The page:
Using an onboard generator is typically pretty easy. Most RVs will have a “Start/Stop” switch on the control panel that will allow you to turn on and off the generator. Depending on the rig and generator you might have a “Prime” button that will prime the generator before it turns on, or you might have to hold the “Stop” switch to prime the generator. Check your user manual to see how exactly to prime and start your particular generator and how long it needs to be primed. Once it’s primed, hold the start button for a few seconds until you hear the generator kick on.
How to Operate a Portable Generator
Portable generators take few more steps to operate, which is why it’s incredibly important to read the user’s manual to know exactly how to operate it (noticing a trend here?).
First you’ll need to unload the generator and place it at least 5-10 feet away from your rig. You’ll also want to make sure the exhaust output is facing away from your rig to avoid fumes getting inside. Depending on where you’re camping and how loud the generator is, you might want to put it farther away from your trailer so it won’t be so loud. Check the oil and fuel supply levels to make sure you have enough for how long you’ll be running it. With everything in the trailer off, plug your shore power cable into the power supply port on the side of your rig.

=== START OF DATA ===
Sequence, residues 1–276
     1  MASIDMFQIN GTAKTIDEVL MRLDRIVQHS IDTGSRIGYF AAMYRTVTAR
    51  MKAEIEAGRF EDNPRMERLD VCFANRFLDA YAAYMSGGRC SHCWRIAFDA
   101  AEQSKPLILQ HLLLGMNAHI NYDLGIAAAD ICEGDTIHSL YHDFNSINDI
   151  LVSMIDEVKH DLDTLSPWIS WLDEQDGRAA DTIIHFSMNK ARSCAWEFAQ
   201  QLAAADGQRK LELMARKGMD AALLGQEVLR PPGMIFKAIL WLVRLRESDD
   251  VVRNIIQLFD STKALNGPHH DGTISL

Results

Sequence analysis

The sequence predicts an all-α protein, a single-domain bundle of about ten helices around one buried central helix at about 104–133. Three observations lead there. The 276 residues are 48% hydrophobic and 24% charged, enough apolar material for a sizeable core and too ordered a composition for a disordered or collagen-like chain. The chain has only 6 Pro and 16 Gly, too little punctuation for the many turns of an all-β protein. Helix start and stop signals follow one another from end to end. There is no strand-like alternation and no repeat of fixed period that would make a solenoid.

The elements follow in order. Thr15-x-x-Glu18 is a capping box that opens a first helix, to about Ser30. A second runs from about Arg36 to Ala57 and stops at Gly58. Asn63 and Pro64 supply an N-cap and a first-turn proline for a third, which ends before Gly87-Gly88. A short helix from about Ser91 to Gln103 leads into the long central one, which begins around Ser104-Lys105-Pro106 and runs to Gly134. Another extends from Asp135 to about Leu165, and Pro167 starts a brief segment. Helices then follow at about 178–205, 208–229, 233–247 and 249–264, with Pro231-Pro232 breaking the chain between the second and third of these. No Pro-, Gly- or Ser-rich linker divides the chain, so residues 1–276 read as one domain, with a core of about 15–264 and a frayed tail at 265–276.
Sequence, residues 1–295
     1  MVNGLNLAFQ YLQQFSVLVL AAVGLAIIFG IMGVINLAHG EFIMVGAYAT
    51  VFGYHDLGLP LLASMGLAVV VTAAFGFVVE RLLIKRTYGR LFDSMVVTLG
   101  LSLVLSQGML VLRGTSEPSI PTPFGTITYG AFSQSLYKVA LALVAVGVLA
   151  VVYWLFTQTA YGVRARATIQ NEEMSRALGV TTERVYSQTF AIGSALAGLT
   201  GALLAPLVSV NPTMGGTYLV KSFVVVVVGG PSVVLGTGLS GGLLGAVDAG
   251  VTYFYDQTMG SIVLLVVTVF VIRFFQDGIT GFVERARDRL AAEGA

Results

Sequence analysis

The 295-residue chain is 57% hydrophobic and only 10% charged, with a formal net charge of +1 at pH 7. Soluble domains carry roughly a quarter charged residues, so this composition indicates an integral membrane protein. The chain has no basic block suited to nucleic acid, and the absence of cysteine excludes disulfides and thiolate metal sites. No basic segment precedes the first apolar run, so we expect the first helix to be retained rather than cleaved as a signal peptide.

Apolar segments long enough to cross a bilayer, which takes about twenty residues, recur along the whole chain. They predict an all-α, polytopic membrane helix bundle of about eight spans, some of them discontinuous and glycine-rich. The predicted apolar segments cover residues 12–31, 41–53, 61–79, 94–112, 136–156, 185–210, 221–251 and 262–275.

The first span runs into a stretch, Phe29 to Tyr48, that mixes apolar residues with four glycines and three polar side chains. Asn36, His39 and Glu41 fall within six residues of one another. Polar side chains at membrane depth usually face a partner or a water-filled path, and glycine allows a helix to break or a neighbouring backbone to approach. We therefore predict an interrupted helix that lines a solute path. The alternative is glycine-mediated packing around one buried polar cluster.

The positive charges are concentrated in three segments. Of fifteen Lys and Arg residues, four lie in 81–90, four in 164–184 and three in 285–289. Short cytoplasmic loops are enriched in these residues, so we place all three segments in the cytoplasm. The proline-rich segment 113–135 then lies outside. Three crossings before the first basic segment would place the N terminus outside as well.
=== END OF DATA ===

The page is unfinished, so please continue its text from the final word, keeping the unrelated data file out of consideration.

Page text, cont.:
Next up it’s time to prime the generator. Check your owner’s manual and follow the manufacturer’s guidelines to prime and start your particular generator model. Once it’s primed and started, give it a minute or two to warm up. Once the generator is warmed up and running, plug the other end of the rig’s power cable into the generator. Depending on the type of generator, you might have to use a dogbone adapter to connect the cable. And there you go, your rig now has 120-volt power!